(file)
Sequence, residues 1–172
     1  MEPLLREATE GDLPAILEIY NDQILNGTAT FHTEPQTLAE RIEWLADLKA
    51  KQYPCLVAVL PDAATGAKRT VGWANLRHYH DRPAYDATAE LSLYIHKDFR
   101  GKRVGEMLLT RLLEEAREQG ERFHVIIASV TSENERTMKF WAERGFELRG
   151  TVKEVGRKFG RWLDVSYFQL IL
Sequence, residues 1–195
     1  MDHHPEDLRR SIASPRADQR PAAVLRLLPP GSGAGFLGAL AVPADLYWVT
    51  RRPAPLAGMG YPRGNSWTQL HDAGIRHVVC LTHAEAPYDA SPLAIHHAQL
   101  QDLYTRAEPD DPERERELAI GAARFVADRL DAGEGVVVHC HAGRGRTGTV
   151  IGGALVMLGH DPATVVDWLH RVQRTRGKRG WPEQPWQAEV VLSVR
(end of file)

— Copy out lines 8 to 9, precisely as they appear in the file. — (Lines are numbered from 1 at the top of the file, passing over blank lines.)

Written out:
    51  RRPAPLAGMG YPRGNSWTQL HDAGIRHVVC LTHAEAPYDA SPLAIHHAQL
   101  QDLYTRAEPD DPERERELAI GAARFVADRL DAGEGVVVHC HAGRGRTGTV